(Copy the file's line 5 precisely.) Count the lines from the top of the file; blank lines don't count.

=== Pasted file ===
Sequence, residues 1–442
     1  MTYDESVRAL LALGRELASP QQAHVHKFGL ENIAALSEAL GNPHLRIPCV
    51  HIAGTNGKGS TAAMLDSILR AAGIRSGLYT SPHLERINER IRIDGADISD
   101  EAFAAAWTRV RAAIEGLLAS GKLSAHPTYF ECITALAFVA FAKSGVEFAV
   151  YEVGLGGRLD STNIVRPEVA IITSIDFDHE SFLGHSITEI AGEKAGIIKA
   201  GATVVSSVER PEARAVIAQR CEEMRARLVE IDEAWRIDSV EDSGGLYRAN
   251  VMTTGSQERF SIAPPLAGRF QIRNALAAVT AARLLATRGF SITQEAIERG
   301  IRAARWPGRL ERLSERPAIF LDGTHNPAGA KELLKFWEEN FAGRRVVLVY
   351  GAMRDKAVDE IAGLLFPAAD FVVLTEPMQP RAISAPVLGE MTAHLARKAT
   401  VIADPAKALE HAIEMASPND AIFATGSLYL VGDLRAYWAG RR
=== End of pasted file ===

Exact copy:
   151  YEVGLGGRLD STNIVRPEVA IITSIDFDHE SFLGHSITEI AGEKAGIIKA